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Traenkner v. Capalbo

United States District Court, D. Colorado

February 8, 2016

CARL TRAENKNER, JR., and ROSEMARY TRAENKNER, Plaintiffs,
v.
MATTHEW CAPALBO, KEVIN CAPALBO, and NORTH RANGE BEHAVIORAL HEALTH, a Colorado not for profit corporation, Defendants.

ORDER

KATHLEEN M TAFOYA, UNITED STATES MAGISTRATE JUDGE.

This matter is before the court on Plaintiffs’ “Motion for Leave to Amend Complaint” (Doc. No. 58 [Mot.], filed September 24, 2015). Defendants Matthew Capalbo and Kevin Capalbo filed their response on October 8, 2015 (Doc. No. 62 [Resp.]), and Plaintiffs filed their reply on October 22, 2015 (Doc. No. 64 [Reply]).

BACKGROUND

In their First Amended Complaint, Plaintiffs allege claims against the Defendants Matthew Capalbo and Kevin Capalbo for wrongful death and negligence and a claim under Colorado’s Premises Liability Act regarding the death of Plaintiffs’ son, who Plaintiffs alleged died from a heroin overdose in the Capalbo Defendants’ garage. (See Doc. No. 42) Plaintiffs seek to amend their complaint to “correct the deficiencies alleged by the Capalbos in their prior motions to dismiss.” (Mot. at 2.)

ANALYSIS

The Capalbo Defendants argue that the Motion to Amend should be denied because (1) Plaintiffs have not shown good cause to modify the Scheduling Order, (2) justice does not require the court to grant Plaintiffs’ Motion to Amend, and (3) Plaintiffs’ new allegations do not satisfy the Rule 11 standard. (See Resp.)

1. Rule 16

A scheduling order deadline “may be modified only for good cause and with the judge’s consent.” Fed.R.Civ.P. 16(b). To demonstrate good cause pursuant to Rule 16, Plaintiffs must “show that [they have] been diligent in attempting to meet the deadlines, which means [they] must provide an adequate explanation for any delay.” Minter v. Prime Equip. Co., 451 F.3d 1196, 1205 n.4 (10th Cir. 2006). “Properly construed, ‘good cause’ means that scheduling deadlines cannot be met despite a party’s diligent efforts . . . . Carelessness is not compatible with a finding of diligence and offers no reason for a grant of relief.” Colo. Visionary Acad. v. Medtronic, Inc., 194 F.R.D. 684, 687 (D. Colo. 2000) (internal quotation and citation omitted).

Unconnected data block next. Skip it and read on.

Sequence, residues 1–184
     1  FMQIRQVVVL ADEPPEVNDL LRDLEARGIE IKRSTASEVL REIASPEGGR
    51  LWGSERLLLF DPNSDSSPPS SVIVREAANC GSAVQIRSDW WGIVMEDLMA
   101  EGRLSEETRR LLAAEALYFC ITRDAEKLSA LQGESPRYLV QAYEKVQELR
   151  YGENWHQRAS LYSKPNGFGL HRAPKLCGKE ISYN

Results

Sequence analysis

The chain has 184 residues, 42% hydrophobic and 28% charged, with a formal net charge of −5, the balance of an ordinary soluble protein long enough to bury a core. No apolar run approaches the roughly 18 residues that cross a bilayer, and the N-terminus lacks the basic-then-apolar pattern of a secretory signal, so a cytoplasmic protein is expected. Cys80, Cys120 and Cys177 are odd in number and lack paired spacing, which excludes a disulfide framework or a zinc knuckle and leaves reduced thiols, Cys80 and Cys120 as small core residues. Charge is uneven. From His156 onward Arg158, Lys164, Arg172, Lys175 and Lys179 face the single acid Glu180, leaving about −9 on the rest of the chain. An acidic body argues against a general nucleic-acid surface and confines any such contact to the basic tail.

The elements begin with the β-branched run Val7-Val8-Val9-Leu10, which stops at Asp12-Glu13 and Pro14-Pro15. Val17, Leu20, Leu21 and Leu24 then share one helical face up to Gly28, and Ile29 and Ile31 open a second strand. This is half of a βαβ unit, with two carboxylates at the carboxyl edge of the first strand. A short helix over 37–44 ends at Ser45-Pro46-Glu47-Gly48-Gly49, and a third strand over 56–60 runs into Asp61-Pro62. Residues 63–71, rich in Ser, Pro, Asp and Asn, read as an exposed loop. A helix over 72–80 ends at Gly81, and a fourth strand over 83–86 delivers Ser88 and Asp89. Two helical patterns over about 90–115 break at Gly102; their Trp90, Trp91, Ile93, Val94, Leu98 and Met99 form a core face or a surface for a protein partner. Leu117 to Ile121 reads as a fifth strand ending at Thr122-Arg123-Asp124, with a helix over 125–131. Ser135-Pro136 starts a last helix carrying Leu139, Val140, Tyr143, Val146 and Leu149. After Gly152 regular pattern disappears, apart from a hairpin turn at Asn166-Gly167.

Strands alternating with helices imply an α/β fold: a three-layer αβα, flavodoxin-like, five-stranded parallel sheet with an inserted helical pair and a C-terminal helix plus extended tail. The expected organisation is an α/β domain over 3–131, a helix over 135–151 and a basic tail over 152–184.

The deadline for seeking to amend pleadings in this case was September 4, 2016. (Doc. No. 35.) The Capalbo Defendants filed their Motion to Dismiss Plaintiffs’ First Amended Complaint on August 6, 2015. (Doc. No. 46.) Plaintiffs timely filed their “Response to Defendant Matthew Capalbo’s and Kevin Capalbo’s Motion to Dismiss Amended Complaint and Motion for Leave to Amend Complaint” on August 27, 2015. (Doc. No. 50.) On September 17, 2016, three weeks later, this court denied the motion to amend without prejudice for Plaintiffs’ failure to comply with D.C.COLO.LCivR 7.1(d) and 15.1. (Doc. No. 56.) On September 24, 2015, just one week later, Plaintiffs filed the present motion to amend, which complied with this Court’s Local Rules of Practice. (Mot.) The court finds the plaintiffs were diligent in attempting to meet the deadlines set by this court for amending their complaint.

2. Rule 15